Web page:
Blue light perception by both roots and rhizobia inhibits nodule formation in lotus japonicus

Aya Shimomura, Ayumi Naka, Nobuyuki Miyazaki, Sayaka Moriuchi, Susumu Arima, Shusei Sato, Hideki Hirakawa, Makoto Hayashi, Maskit Maymon, Ann M. Hirsch, Akihiro Suzuki

    Research output: Contribution to journalArticlepeer-review

    4 Citations (Scopus)

    Abstract

    In many legumes, roots that are exposed to light do not form nodules. Here, we report that blue light inhibits nodulation in Lotus japonicus roots inoculated with Mesorhizobium loti. Using RNA interference, we suppressed the expression of the phototropin and cryptochrome genes in L. japonicus hairy roots. Under blue light, plants transformed with an empty vector did not develop nodules, whereas plants exhibiting suppressed expression of cry1 and cry2 genes formed nodules. We also measured rhizobial growth to investigate whether the inhibition of nodulation could be caused by a reduced population of rhizobia in response to light. Although red light had no effect on rhizobial growth, blue light had a strong inhibitory effect. Rhizobial growth under blue light was partially restored in signature-Tagged mutagenesis (STM) strains in which LOV-HK/PAS-and photolyaserelated genes were disrupted. Moreover, when Ljcry1A and Ljcry2B-silenced plants were inoculated with the STM strains, nodulation was additively increased. Our data show that blue light receptors in both the host plant and the symbiont have a profound effect on nodule development. The exact mechanism by which these photomorphogenetic responses function in the symbiosis needs further study, but they are clearly involved in optimizing legume nodulation.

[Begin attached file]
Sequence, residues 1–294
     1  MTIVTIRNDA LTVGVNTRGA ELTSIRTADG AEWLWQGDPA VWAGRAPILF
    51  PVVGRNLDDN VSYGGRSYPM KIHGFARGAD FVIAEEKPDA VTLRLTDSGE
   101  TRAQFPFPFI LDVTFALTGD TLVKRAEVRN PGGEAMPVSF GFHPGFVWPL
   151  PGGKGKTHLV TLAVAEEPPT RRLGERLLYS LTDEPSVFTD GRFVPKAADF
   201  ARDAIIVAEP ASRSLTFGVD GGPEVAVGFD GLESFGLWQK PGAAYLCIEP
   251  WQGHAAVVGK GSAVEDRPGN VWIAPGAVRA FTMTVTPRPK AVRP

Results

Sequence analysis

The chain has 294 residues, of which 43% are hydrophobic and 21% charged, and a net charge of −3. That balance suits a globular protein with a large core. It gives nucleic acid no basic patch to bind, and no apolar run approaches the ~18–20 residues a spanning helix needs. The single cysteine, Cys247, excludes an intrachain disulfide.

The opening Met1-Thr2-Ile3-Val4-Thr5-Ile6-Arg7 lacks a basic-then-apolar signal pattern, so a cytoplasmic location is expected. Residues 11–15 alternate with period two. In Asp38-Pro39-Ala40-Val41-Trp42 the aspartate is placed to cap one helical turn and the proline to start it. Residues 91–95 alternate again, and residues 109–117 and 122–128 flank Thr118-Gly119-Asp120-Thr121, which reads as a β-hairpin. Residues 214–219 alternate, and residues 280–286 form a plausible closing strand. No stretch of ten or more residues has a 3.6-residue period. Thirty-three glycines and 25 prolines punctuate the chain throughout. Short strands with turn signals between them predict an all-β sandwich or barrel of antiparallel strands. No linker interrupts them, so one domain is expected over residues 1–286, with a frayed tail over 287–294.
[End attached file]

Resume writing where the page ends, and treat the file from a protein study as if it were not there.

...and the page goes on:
Original languageEnglish
    Pages (from-to)786-796
    Number of pages11
    JournalMolecular Plant-Microbe Interactions
    Volume29
    Issue number10
    DOIs
    Publication statusPublished - 2016 Oct

    ASJC Scopus subject areas

    • Physiology
    • Agronomy and Crop Science

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